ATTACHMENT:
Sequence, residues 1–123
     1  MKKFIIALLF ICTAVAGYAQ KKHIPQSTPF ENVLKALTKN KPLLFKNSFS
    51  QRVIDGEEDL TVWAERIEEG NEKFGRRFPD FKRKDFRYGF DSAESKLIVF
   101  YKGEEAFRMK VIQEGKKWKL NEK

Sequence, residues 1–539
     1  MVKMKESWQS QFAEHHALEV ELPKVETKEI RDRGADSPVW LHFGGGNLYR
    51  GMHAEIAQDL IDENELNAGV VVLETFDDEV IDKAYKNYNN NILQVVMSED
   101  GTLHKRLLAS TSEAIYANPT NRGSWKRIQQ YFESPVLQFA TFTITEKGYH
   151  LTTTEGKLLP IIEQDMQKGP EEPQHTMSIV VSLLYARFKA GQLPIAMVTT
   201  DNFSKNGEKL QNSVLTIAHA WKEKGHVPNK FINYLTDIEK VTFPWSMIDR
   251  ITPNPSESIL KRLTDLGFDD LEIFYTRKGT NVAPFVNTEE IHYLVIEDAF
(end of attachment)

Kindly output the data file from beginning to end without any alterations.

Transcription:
Sequence, residues 1–123
     1  MKKFIIALLF ICTAVAGYAQ KKHIPQSTPF ENVLKALTKN KPLLFKNSFS
    51  QRVIDGEEDL TVWAERIEEG NEKFGRRFPD FKRKDFRYGF DSAESKLIVF
   101  YKGEEAFRMK VIQEGKKWKL NEK

Sequence, residues 1–539
     1  MVKMKESWQS QFAEHHALEV ELPKVETKEI RDRGADSPVW LHFGGGNLYR
    51  GMHAEIAQDL IDENELNAGV VVLETFDDEV IDKAYKNYNN NILQVVMSED
   101  GTLHKRLLAS TSEAIYANPT NRGSWKRIQQ YFESPVLQFA TFTITEKGYH
   151  LTTTEGKLLP IIEQDMQKGP EEPQHTMSIV VSLLYARFKA GQLPIAMVTT
   201  DNFSKNGEKL QNSVLTIAHA WKEKGHVPNK FINYLTDIEK VTFPWSMIDR
   251  ITPNPSESIL KRLTDLGFDD LEIFYTRKGT NVAPFVNTEE IHYLVIEDAF